Opportunities abound for young researchers

July 25, 2007

In partnership with the University of Ottawa and The Ottawa Hospital, the OHRI provides training for more than 350 students and postdoctoral fellows each year. These young researchers are at the cutting edge of medical science, playing a crucial role in advancing our understanding of disease and developing new therapeutic approaches. Read on to learn about some projects and activities they have recently been involved with.

High school co-op student places second in national research competition

Nobody knows better than 17-year-old James MacLeod how far you can go with a summer science project. Working under the mentorship of OHRI postdoctoral fellow Dr. Angela Crawley and scientist Dr. Jonathan Angel, James has won the Eastern Ontario Sanofi Aventis Biotech Challenge two years in a row. Last year he also won the National competition and this year he placed second.

James became interested in the HIV virus in his grade 10 health class at Venta Preparatory School in Carp. He was able to pursue his interest starting in grade 11 at All Saints High School in Kanata. His research project at the OHRI involves studying how HIV affects molecular communication between cells of the immune system. In particular, his experiments have shed light on how HIV may be disrupting interleukin-7 signalling in CD8 T cells.

“This competition has provided me with a wonderful opportunity to learn more about how a research laboratory functions, and gives me a taste of what it is like to have a career in research,” he said.

Other local high school students who participated include Jason Au, Jessica Li and Lingling Liu.

Science Travels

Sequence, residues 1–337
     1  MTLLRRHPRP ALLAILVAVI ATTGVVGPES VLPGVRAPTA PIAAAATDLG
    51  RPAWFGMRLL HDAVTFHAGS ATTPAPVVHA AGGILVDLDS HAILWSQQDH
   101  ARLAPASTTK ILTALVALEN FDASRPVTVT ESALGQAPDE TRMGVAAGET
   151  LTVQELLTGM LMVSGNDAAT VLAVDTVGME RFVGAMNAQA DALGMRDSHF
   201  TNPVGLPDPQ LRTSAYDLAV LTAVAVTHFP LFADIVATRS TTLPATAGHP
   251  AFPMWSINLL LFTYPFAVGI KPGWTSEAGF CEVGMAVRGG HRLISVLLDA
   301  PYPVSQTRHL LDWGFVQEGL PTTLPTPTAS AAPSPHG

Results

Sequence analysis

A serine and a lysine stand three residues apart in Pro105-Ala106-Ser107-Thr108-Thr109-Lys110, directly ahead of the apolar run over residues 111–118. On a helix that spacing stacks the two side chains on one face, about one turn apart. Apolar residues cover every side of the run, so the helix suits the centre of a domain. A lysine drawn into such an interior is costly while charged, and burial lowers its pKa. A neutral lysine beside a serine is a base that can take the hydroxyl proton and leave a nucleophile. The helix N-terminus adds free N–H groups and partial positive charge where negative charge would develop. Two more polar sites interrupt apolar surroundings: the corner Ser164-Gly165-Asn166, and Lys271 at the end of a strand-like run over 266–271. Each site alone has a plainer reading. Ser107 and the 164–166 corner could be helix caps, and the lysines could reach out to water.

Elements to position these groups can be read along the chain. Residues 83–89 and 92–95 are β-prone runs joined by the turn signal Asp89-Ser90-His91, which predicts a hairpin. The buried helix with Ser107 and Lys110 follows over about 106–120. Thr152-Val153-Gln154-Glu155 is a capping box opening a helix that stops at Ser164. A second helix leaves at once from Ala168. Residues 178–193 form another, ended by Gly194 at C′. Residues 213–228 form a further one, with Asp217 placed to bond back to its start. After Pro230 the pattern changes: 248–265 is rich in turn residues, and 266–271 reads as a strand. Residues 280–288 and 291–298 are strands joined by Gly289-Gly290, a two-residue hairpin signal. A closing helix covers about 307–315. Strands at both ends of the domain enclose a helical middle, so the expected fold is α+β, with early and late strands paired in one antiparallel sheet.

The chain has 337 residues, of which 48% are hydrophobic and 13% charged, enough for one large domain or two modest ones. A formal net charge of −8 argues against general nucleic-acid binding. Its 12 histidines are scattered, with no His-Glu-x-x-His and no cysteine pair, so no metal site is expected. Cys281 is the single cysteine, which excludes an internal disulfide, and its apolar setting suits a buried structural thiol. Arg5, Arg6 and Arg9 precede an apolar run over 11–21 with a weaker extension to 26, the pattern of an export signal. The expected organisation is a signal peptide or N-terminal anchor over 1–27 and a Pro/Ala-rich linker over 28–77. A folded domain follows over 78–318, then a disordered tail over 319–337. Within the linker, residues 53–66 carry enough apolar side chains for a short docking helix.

OHRI graduate students welcomed and mentored 16 high school students from remote Northern Ontario communities recently. Their visit was part of Science Travels Week, a collaborative effort involving several uOttawa faculties and outreach organizations such as Let’s Talk Science.

Chantal Lemay and Caroline Breitbach acted as mentors during the visit and led a DNA laboratory activity. “This was a really unique opportunity for these students to learn about research and it was a lot of fun for all the volunteers,” said Chantal.

Other OHRI graduate students involved include Alexis Given, Marilyne Delorme, David Pépin, and Brian Melanson.

Summer student program kicks off

The OHRI summer student program is now in full gear, with students meeting weekly at both the Civic and General Campuses. The program provides students with an opportunity to practice their presentation skills among a group a peers, with mentorship and guidance provided by postdoctoral fellow Dr. Ziad Chaar at the General Campus and PhD student Keyvan Sedaghat at the Civic Campus.

The summer students have to submit a written report at the end of the summer and they are formally evaluated by their supervisor. Based on these results, two students are selected each year to receive the Dr. Goodman Cohen Summer Student Award, worth $500.

Last year, Melissa Huyhn won one of the awards based on her work in Dr. May Griffith’s lab, and this summer she is back.

“Being in just one research lab, you may only know what’s going on around you, but the summer student program gives you wide exposure to all sorts of topics, which is really helpful if you’re thinking of going on to do grad studies,” said Melissa, who just finished her second year in the Biopharmaceutical Science program at the University of Ottawa.